Some victims are buried partially or shallowly and can be located quickly by making a visual scan of the avalanche debris and pulling out any clothing or equipment found.
Consequently, it is vital that everyone surviving an avalanche is used in an immediate search and rescue operation, rather than waiting for help to arrive.
When an avalanche stops, the deceleration normally compresses the snow to a hard mass.
When considering any of theses devices, one should consider that if the group does not recover the avalanche victim within 15 minutes, the chance of survival rapidly decreases.
Other rescue devices are proposed, developed and used, such as avalanche balls, vests and airbags, based on statistics that most deaths are due to suffocation.
Victims caught in an avalanche are advised to try to ski or board toward the side of the avalanche until they fall, then to jettison their equipment and attempt swimming motions.
Determining the critical load that would trigger an avalanche is a complex task involving evaluation of many factors.
Avalanche prediction is difficult even with detailed weather reports and core samples from the snowpack.
Explosives are used extensively to prevent avalanches, especially at ski resorts where other methods are often impractical.
When there is a sufficient density of trees, they can greatly reduce the strength of avalanches.
Occasionally, mounds of earth are placed in the avalanche's path to slow it down.
Good avalanche safety is a continuous process, including route selection and examination of the snowpack, weather conditions, and human factors.
Witnesses to an avalanche that engulfs people are frequently limited to those in the party involved in the avalanche.
Finally, there are barriers that stop or deflect avalanches with their weight and strength.
Select likely burial areas and search them, listening for beeps (or voices), expanding to other areas of the avalanche, always looking and listening for other clues (movement, equipment, body parts).
Avoid contaminating the scent of the avalanche area with urine, food, spit, blood, etc, in case search dogs arrive.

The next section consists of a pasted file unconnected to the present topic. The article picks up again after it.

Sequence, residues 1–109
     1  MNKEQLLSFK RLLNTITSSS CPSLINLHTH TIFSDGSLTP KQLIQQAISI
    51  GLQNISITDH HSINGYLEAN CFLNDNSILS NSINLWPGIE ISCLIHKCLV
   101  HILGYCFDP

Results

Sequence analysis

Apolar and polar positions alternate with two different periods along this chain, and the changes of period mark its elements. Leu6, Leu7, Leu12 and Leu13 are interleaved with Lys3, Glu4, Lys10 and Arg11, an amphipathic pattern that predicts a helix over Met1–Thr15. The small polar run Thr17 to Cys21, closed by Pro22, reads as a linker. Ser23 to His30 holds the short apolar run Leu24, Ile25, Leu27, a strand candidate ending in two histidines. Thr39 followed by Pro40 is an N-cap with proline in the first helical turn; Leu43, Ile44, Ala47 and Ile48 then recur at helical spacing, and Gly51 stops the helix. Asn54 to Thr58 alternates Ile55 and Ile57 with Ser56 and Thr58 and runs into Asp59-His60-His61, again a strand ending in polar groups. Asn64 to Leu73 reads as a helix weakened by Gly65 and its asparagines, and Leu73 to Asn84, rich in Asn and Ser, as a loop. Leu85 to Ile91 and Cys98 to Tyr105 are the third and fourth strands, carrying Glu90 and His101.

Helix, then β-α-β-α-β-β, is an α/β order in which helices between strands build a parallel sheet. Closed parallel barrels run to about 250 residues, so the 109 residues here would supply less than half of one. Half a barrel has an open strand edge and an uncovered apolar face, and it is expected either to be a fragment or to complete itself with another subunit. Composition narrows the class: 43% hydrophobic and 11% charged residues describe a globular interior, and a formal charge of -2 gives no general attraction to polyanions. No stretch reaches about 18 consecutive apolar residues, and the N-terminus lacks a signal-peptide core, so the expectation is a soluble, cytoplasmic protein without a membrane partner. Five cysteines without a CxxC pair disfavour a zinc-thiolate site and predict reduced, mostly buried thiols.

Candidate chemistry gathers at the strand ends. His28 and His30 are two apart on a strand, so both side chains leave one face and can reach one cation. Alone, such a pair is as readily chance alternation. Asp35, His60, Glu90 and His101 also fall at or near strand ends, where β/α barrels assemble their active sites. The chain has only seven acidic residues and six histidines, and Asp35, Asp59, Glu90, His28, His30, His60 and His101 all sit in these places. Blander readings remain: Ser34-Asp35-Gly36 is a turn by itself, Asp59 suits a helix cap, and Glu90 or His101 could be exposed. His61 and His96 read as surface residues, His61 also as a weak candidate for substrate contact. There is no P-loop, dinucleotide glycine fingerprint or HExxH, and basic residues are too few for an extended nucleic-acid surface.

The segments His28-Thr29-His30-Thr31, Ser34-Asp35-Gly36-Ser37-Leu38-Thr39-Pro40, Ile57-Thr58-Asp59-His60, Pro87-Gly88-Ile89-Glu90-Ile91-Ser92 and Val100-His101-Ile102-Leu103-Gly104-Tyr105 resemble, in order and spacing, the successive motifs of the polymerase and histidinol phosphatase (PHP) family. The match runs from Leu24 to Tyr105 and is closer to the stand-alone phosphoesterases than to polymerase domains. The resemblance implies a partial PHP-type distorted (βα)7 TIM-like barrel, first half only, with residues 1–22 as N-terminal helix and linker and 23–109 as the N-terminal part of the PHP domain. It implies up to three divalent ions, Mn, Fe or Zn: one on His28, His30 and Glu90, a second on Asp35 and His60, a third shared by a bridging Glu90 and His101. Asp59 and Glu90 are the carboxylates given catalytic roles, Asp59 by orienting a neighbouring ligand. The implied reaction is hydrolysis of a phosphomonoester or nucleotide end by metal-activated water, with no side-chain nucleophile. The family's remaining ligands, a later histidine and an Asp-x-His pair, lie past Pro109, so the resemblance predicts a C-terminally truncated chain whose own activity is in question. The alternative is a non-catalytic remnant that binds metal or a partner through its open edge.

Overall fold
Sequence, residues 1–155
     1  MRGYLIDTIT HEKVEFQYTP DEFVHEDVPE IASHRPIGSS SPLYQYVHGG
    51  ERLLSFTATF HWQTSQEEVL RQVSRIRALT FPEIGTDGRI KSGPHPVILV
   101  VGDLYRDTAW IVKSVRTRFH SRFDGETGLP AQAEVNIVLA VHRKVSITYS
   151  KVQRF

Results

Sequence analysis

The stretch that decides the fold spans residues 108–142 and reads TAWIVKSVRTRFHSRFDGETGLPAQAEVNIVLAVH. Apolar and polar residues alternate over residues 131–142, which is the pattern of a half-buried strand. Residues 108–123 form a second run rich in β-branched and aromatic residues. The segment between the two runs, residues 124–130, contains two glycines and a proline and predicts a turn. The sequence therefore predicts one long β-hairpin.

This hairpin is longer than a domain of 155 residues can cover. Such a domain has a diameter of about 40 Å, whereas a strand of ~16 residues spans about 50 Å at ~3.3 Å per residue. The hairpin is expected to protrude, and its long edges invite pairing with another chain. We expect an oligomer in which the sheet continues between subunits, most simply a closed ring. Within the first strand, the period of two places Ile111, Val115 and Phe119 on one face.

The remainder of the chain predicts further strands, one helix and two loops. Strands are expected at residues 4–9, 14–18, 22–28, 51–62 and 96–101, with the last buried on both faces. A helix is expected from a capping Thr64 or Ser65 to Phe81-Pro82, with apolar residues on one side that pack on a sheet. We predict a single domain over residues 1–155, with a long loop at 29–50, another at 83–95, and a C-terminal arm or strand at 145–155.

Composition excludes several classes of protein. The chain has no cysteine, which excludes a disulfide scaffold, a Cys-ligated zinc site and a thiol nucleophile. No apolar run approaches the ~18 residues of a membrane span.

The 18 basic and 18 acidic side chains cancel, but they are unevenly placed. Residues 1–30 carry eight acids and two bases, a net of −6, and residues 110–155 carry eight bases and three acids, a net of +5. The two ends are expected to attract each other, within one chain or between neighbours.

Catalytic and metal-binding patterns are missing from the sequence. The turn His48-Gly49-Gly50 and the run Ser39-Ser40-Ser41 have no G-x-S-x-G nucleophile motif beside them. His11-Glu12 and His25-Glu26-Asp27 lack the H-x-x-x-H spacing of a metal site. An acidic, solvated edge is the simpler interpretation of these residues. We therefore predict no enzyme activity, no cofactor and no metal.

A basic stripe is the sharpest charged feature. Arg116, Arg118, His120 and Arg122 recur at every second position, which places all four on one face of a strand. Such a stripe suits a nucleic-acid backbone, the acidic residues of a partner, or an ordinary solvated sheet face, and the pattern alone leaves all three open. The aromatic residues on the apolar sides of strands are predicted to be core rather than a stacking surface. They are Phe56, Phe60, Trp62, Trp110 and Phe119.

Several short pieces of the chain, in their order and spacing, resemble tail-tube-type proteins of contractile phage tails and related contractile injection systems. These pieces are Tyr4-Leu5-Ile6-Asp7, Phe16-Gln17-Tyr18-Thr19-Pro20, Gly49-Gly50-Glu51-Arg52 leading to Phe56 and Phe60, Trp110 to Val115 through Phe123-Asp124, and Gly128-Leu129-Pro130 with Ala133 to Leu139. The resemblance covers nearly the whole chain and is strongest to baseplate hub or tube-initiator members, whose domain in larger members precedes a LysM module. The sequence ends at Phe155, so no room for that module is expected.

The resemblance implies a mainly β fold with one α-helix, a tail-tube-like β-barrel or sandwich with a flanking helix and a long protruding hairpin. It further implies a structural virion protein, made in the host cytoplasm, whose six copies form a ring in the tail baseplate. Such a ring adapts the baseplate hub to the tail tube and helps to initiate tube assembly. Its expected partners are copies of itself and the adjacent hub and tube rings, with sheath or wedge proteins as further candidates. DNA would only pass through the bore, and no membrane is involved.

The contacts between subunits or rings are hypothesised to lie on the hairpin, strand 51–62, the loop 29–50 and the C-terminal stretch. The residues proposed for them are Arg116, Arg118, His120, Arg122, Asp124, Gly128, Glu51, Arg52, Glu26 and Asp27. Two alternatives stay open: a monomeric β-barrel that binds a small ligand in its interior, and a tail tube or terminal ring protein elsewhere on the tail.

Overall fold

An avalanche is one of the major dangers faced in the mountains.
Avalanches require a buried weak layer (or instability) and an overlying slab.
Avoid traveling below others who might trigger an avalanche.
Artificial barriers can be very effective in reducing avalanche damage.
Most avalanches happen during or soon after a storm.
Unfortunately relations between easily observable properties of snow layers (strength, grain size, grain type, temperature) and avalanche danger are complex and not yet fully understood.
Avalanches occur when the load on the upper layers of snow, rock, or other material exceeds the bonding forces of the material, including support from anchors such as rocks and trees.
Using an avalanche cord is the oldest form of equipment—mainly used before beacons became available.
The structure of the snowpack determines avalanche danger.
Once the avalanche has stopped, and there is no danger of secondary slides, these points should be marked with objects for reference.
A large avalanche can run for many miles, and can create massive destruction of the lower forest and anything else in its path.
Observe the terrain and note obvious avalanche paths where vegetation is missing or damaged, where there are few surface anchors, and below cornices or ice formations.
Trees can either be planted or they can be conserved, such as in the building of a ski resort, to reduce the strength of avalanches.
An avalanche is a huge, rapid slide of snow, ice, rock, or soil down a mountainside.
Chances of a buried victim being found alive and rescued are increased when everyone in a group is carrying and using standard avalanche equipment, and have trained in how to use it.
When a mixture of materials falls, it is called a debris avalanche.
Beacons—known as "beepers," peeps (pieps), ARVAs (Appareil de Recherche de Victimes en Avalanche, in French), LVS (Lawinen-Verschьtteten-Suchgerдt, Swiss German), avalanche transceivers, or various other trade names, are important for every member of the party.
During World War I, over 60,000 soldiers died in the Alps as a result of avalanches, many of which were caused by artillery fire.